With more people than ever inclined to entertain friends and family at home instead of going out, informal in-home dining is still creating opportunities for food manufacturers writes Jonathan Thomas.
One holdover from the last economic recession has been the continued growth in popularity of entertaining and socializing in the home. For consumers, this often works out less costly than going out to pubs, clubs and restaurants, and the trend has continued even as the economic situation has improved across much of Europe. Eating and entertaining in the home has become the number one summer home leisure activity in the UK, and the growth in popularity of occasions such as barbecues, parties and buffets presents numerous opportunities for the food industry.
With their lighter evenings, the summer months account for a sizable percentage of at-home social eating occasions in markets such as the UK. Recent data from YouGov found that almost 80% of people like to make the most of their summer evenings, often by arranging or attending social events in the home. As further evidence of this trend, demand has grown for home features such as patios and outdoor lighting in recent years. Consumers (especially in the younger age groups) are increasingly starting to regard their garden as an extension to the home where entertaining and socializing with friends and family can take place when the weather permits.
Although barbecues are most strongly identified with places like Australia, South Africa and parts of the US, many people in Europe enjoy al fresco dining when the weather permits. Within the last decade, the UK has overtaken Germany as the region’s leading barbecue nation – in 2016, more than 115 barbecue occasions took place in the UK, according to data from National BBQ Week. This represents a significant increase from approximately 9 million in the late 1990s. Around two-thirds of all UK households own a barbecue grill, and the average number of barbecues held per year by each family is almost 10. This compares with less than 3 ten years ago.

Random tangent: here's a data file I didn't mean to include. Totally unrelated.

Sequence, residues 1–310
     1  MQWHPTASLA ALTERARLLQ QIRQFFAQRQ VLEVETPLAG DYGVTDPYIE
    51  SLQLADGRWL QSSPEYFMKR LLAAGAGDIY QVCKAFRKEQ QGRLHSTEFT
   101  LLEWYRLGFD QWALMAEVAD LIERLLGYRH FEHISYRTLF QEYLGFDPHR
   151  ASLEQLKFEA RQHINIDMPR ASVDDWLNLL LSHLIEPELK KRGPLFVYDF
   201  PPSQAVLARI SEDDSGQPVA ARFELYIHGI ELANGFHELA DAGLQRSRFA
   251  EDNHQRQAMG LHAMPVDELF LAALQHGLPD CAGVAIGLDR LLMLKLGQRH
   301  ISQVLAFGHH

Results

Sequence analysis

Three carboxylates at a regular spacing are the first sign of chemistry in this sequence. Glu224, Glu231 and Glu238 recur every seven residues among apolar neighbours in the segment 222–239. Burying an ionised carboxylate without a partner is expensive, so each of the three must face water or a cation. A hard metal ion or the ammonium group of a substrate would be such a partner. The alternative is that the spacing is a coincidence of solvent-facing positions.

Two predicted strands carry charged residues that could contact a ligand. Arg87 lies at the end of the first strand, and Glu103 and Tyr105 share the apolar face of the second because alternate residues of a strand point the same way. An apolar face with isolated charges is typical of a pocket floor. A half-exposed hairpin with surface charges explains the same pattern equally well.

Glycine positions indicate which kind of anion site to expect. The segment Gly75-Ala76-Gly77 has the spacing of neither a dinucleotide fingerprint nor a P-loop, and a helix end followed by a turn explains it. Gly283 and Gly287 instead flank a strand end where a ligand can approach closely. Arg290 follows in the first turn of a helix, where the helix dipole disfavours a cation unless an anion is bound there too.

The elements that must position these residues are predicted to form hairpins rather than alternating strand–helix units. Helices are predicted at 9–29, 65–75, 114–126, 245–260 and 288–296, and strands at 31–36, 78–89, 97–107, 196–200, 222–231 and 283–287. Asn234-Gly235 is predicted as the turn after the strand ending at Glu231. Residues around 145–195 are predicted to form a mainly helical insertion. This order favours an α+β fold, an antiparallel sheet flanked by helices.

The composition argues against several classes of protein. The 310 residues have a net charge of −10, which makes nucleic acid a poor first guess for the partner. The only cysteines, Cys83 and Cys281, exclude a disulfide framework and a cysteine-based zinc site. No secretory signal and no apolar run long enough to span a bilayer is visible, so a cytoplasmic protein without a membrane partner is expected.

Another trend evident in the UK and elsewhere is the growing popularity of mid-week barbecues. In 2016, almost 65 million mid-week barbecues took place in the UK, up by more than 18% compared with the previous year. In 2017, Sainsburys ran a campaign aimed at encouraging mid-week barbecues. Large outdoor screens were positioned at venues such as London Waterloo and Edinburgh Waverley railway stations, counting down the number of daylight hours left. Despite these developments, the weekend remains the most popular time for barbecues – Saturday is the preferred option in markets such as the UK, Germany and France, whereas Sunday is favored by over 40% of Italian consumers.
The complete version of this article is available in the July-August print issue of Frozen Food Europe.